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thence remedies are to be derived against perturbations and actions criminal. And this is determined by the apostle in fairest intimation, “ Mortify, therefore, your earthly memberse;" and he instances in carnal crimes, “ fornication, uncleanness, inordinate affection, evil concupiscence, and covetousness,” which are things may be something abated by corporal mortifications : and that these are, by distinct manner, to be helped from other more spiritual vices, he adds, “ But now, therefore, put off all these, anger, wrath, malice, blasphemy, filthy communication, and lying.” To both these sorts of sins, mortification being the general remedy, particular applications are to be made, and it must be only spiritual, or also corporal in proportion to the nature of the sins 8: he seems to distinguish the remedy by separation of the nature of the crimes, and possibly also by the differing words of " mortify h” applied to carnal sins, and put offl” to crimes spiritual.

18. Secondly: But in the lesser degrees of mortification, in order to subduing of all passions of the sensitive appetite, and the consequent and symbolical sinsk, bodily austerities are of good use, if well understood and prudently undertaken. To which purpose I also consider, no acts of corporal austerity or external religion are of themselves to be esteemed holy or acceptable to God, are nowhere precisely commanded, no instruments of union with Christ, no immediate parts of Divine worship; and therefore, to suffer corporal austerities with thoughts determining upon the external action or imaginations of sanctity inherent in the action, is against the purity, the spirituality, and simplicity of the Gospel. And this is the meaning of St. Paul, “ It is a good thing that the heart be established with grace, not with meats, which have not profited them which have walked in them';" and, “ The kingdom of God consists not in meat and drink, but in righteousness, and peace, and joy in the Holy Ghostm;" and, “ Bodily exercise profiteth little, but godliness is profitable unto all things".". Now, if external mortifications are not for themselves, then they are to receive their estimate as they co-operate to the end : whatsoever is a prudent restraint of an extravagant passion, whatsoever is a direct denial of a sin, whatsoever makes provision for the spirit, or withdraws, the fuel from the impure fires of carnality, that is an act of mortification; but those austerities which Baal's priests did use, or the Flagellantes, an ignorant faction that went up and down villages whipping themselves, or those which return periodically on a set day of discipline, and using rudenesses to the body by way of ceremony and solemnity, not directed against the actual incursion of a pungent lust, are not within the verge of the grace of mortification. For, unless the temptation to a carnal sin be actually incumbent and pressing upon the soul, pains of infliction and smart do no benefit toward suppressing the habit or inclination : for such sharp disciplines are but short and transient troubles ; and although they take away the present fancies of a temptation, yet, unless it be rash and uncharitable, there is no effect remanent upon the body, but that the temptation may speedily return. As is the danger, so must be the application of the remedy. Actual severities are not imprudently undertaken in case of imminent danger; but to cure an habitual lust, such corporal mortifications are most reasonable, whose effect is permanent, and which takes away whatsoever does minister more fuel, and puts a torch to the pile.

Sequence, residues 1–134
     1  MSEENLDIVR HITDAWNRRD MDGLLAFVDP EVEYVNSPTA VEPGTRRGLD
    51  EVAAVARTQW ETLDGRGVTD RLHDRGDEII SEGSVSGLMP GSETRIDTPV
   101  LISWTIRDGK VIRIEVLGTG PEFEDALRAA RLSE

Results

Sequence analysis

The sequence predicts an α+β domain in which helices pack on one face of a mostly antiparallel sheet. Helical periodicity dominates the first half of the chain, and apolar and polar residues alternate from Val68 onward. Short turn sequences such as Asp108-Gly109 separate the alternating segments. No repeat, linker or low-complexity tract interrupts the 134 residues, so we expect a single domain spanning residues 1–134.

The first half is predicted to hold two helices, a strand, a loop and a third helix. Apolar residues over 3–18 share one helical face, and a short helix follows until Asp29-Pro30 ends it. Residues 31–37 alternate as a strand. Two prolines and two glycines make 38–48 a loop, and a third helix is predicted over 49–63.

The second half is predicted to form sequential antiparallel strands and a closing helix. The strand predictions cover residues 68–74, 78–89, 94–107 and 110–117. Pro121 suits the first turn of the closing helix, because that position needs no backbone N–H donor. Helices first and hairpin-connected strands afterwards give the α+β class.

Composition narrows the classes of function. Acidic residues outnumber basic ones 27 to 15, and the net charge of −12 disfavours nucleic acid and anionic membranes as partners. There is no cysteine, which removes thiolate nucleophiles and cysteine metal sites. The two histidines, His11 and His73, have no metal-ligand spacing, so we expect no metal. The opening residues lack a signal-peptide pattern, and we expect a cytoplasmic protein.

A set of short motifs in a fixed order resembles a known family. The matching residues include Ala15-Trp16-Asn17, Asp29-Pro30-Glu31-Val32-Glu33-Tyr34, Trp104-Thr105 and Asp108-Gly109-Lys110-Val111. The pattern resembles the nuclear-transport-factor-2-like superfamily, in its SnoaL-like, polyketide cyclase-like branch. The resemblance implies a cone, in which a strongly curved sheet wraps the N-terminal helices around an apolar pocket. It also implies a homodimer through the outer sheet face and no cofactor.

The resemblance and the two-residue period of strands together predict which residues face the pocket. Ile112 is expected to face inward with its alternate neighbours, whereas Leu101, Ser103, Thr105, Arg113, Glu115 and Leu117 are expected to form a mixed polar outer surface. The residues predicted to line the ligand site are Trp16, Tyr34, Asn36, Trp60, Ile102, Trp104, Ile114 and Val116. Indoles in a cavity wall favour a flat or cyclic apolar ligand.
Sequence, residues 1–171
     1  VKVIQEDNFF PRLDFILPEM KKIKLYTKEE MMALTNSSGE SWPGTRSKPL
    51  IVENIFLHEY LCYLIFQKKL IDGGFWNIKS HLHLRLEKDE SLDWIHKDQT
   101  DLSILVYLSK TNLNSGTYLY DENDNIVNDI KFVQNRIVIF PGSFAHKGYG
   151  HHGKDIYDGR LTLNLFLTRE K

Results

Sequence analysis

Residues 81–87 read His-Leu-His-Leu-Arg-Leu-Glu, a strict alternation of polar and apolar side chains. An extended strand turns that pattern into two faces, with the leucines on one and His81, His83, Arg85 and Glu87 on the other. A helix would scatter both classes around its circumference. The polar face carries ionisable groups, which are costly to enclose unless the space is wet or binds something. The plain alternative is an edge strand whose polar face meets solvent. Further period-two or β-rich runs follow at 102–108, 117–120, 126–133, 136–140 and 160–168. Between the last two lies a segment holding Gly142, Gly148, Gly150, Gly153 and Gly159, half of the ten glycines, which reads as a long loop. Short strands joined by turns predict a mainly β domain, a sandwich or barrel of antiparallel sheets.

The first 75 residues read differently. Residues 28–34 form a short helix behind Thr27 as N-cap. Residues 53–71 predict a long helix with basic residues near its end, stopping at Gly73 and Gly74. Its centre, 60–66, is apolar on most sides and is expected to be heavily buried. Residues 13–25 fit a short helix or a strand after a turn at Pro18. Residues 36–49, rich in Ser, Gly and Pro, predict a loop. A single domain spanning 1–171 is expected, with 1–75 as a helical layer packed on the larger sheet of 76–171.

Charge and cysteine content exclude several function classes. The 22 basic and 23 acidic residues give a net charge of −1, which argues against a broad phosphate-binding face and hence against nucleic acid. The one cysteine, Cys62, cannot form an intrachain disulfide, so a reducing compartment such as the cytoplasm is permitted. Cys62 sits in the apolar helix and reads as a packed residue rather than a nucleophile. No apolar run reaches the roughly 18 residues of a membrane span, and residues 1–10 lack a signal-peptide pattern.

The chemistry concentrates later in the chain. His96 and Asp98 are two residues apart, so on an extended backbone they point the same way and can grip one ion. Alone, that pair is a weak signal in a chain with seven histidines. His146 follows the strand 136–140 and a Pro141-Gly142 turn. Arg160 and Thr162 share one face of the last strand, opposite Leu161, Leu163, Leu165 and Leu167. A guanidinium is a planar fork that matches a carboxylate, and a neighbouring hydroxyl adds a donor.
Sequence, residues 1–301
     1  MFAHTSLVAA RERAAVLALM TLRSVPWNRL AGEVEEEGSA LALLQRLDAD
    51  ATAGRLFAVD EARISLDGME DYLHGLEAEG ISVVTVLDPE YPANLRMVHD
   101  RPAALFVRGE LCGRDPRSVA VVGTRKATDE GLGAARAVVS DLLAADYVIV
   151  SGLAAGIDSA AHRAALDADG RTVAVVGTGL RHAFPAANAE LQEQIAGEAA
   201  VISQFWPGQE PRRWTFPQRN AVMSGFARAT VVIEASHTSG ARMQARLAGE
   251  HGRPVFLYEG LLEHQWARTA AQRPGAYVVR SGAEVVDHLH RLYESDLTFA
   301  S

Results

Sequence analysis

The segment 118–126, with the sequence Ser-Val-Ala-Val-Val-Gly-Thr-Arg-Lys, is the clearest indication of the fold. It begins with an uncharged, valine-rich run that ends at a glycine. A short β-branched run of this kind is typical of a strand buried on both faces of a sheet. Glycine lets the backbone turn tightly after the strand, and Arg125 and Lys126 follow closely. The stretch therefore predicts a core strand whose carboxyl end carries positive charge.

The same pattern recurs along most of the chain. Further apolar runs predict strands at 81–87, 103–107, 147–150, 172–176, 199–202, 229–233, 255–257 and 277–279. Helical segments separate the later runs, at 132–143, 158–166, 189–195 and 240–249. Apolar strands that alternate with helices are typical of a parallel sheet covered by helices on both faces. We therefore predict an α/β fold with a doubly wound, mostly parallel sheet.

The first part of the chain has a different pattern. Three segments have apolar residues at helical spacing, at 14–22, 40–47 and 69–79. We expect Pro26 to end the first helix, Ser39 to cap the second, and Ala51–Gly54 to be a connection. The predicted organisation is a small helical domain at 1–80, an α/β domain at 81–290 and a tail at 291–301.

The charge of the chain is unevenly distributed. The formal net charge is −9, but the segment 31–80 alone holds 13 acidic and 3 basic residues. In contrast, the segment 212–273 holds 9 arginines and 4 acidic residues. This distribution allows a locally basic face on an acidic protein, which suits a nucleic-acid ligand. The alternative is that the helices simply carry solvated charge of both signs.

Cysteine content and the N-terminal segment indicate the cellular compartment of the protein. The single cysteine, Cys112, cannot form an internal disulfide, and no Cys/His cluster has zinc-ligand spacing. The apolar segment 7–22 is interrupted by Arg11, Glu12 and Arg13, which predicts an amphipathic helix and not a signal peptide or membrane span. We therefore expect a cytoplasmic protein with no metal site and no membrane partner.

e Col. iii. 5.

f Verse 8. 8 Ut corpus redimas, ferrum patieris et ignes,

Arida nec sitiens ora lavabis aquà. Ut valeas animo, qnicquam tolerare negabis? h Νεκρώσατε τα μέλη. 1 'Aπόθεσθε τα πάντα. k 'O érzus sugiou naápns papriywv. — Clem. Alex. Pædag. 2. 1 Heb. xiii, 9.

m Rom. xiv. 17.

19. But this is altogether a discourse of Christian prudence, not of precise duty and religion ; for if we do, by any means, provide for our indemnity, and secure our innocence, all other exterior mortifications are not necessary, and they are convenient but as they do facilitate or co-operate towards the end. And if that be well understood, it will concern us that they be used with prudence and caution, with purity of intention, and without pride : for, since they are nothing in themselves, but are hallowed and adopted into the family of religious actions by participation of the end, the doing them not for themselves takes off all complacency and fancy reflecting from an opinion of the external actions, guides and

n 1 Tim. iv. 8.

purifies the intention, and teaches us to be prudent in the managing of those austerities, which, as they are in themselves afflictive, so have in them nothing that is eligible, if they be imprudent.

20. And now, supposing these premises as our guide to choose and enter into the action, prudence must be called into the execution and discharge of it, and the manner of its managing. And, for the prudential part, I shall first give the advice of Nigrinus in the discipline of the old philosophers: “He that will best institute and instruct men in the studies of virtue and true philosophy, must have regard to the mind, to the body, to the age, to the former education, and capacities or incapacities of the persono;" to which all such circumstances may be added, as are to be accounted for in all prudent estimations, such as are national customs, dangers of scandal, the presence of other remedies, or disbanding of the inclination.